The first in an occasional series where I babble about the TV shows I like.
The first season of the American edition was pretty grim. It certainly had the excrutiating discomfort of the British version, but it wasn't very funny. I also found Michael Scott grating and shrill. Ricky Gervais had played the character as socially desperate, too, but I had more sympathy for David Brent.
At any rate, the second season, somehow, turned everything in the right direction. Like the British show, it found absurdity and sadness in the relationships that dominate our lives: the ones we have by coincidence rather than choice. Every episode in the second season was astonishingly funny. The supporting and background cast got fleshed out, too; even though the show has its stars it also has a vivid ensemble. In a recent Fresh Air interview, Mindy Kaling articulated something very nicely. Even if the characters are awkward-seeming, we always also know that they have lives outside of their jobs; we see that someone loves them, and that they love someone themselves. Nobody in this show is reduced to a gimmick, catchphrase or type.
The third American season so far is quite good, though there have been a couple digressions into wackiness that seem too contrived (generally involving Dwight). The Jim-Pam-Roy (and possibly Karen, now) love stories (not to mention the Ryan & Kelly one) are all resonant, though.
One of of the best choices the show has made in its third season has been to solicit the audience's sympathy for Roy. The most salient critique one could make of the British show was that, in the end, Lee became too one-dimensionally loutish for us to believe Dawn would stay with him (in the episodes prior to the Christmas Special, we did get glimpses of what Dawn saw in Lee). In the American season three, Roy is actually very sweet, and also downright handsome (following the low point for him in terms of personal appearance: his DUI mugshot). As much as we like Jim, it's hard to not root for a guy who so earnestly talks about wanting to atone for taking Pam for granted.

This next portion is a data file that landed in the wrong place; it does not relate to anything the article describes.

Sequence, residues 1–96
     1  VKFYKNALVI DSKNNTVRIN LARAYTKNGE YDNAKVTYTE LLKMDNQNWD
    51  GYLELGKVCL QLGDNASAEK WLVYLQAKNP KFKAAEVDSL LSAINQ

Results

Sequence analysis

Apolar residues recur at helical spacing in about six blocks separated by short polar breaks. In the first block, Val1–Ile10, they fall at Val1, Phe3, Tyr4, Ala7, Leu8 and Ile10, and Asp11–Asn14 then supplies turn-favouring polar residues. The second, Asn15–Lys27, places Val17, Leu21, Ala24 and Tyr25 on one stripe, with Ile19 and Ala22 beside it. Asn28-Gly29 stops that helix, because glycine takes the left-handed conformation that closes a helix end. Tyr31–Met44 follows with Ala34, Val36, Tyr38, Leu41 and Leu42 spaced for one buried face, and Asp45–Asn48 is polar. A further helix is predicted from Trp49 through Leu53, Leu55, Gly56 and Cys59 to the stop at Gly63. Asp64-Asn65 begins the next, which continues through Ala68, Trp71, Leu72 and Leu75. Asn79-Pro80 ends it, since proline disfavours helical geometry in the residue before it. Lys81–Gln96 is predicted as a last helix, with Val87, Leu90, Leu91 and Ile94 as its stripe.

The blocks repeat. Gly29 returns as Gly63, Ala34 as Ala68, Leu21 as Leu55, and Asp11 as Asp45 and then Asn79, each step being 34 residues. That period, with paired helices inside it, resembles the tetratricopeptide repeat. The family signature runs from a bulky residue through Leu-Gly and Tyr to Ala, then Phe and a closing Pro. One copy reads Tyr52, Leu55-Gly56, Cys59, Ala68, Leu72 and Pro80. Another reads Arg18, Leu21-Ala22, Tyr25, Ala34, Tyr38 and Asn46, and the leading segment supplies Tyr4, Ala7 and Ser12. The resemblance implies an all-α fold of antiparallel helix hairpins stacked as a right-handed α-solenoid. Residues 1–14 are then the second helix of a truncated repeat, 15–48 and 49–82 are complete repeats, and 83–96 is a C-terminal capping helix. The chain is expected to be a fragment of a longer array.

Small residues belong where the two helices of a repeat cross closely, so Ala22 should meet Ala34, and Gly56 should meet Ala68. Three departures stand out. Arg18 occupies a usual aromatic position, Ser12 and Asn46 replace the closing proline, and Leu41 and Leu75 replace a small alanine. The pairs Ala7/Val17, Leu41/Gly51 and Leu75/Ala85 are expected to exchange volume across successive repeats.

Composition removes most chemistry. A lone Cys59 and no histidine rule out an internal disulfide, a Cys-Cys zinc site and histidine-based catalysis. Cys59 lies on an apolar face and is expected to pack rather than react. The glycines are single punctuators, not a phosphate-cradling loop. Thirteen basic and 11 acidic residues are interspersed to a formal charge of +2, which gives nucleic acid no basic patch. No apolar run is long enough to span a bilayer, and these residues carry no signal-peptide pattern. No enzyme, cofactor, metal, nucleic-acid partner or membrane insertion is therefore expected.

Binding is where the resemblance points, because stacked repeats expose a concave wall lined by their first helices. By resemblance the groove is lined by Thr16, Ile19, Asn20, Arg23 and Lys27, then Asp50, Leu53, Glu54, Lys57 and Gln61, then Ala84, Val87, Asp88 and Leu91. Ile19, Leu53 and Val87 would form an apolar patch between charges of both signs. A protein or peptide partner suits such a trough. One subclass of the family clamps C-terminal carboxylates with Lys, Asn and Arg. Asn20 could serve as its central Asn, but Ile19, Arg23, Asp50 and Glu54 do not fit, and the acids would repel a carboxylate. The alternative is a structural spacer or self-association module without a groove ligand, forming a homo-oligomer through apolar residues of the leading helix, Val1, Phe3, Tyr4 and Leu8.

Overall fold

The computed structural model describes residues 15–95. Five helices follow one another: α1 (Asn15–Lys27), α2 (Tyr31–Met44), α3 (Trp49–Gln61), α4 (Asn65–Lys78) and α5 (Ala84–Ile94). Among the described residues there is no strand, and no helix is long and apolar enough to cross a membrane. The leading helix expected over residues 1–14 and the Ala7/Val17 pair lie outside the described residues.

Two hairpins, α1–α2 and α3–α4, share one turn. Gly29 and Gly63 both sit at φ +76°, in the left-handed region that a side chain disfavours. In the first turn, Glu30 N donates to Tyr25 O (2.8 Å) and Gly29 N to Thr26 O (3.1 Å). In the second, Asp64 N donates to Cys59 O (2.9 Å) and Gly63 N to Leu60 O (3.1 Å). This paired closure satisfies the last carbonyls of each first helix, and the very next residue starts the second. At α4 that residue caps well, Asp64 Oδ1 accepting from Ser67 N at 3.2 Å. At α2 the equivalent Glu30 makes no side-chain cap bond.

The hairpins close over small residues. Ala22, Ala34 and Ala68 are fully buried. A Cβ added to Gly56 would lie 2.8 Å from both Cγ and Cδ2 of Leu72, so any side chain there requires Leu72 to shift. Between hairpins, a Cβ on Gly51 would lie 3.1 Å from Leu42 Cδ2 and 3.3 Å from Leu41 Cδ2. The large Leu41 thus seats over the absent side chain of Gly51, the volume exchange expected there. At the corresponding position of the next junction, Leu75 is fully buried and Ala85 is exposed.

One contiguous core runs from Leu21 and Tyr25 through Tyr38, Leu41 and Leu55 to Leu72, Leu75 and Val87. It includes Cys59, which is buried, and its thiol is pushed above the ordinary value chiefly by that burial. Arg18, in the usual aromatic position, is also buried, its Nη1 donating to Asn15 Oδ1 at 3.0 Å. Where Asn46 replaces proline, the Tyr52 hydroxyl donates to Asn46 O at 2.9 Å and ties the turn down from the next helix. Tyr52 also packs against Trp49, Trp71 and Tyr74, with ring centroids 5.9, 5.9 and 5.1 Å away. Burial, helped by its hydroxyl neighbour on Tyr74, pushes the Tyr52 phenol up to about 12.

Expanding Jim's horizons has been a good idea, too. I have a good friend at school who liked the British show a lot, but had no sympathy at all for Tim or Dawn. Her point was that Tim and Dawn each know they are miserable, and neither do anything about it. You can argue that Tim tried to do something about his infatuation with Dawn, and was turned down twice, but that initiative didn't extend to the malaise he felt in every other aspect of his life. Dawn was a bit more complicated (and, I think, more sympathetic for being so). She recognized that she was wasting her time and talent as a receptionist. Lee discouraged her from pursuing illustrative work (riskier in terms of income and longevity), and her acquiescence is either pragmatic or defeatist.
Jim and Pam weren't as resigned to their fates as Dawn and Tim. Perhaps we can read something of the American mythology into the Jim-Pam / Tim-Dawn contrast, but separating them and resolving the wedding in the off-season was probably also necessary to sustain the narrative. Their efforts at bootstrapping (Pam's calling off the wedding and moving out on her own, and Jim's seeking a promotion to a busier branch) has also thrown into doubt the notion that they should or will even be together. Are they still right for each other if they don't see each other every day? Is their attraction any less romantic for being replicable in another office, with another person? Is Jim's loneliness for Pam (and vice versa) any less affecting if he also has a new office companion to flirt with? Probably this will all wrap up fairly cleanly, but it's pretty awesome that a sit-com can orchestrate emotions messy enough to resemble the real world.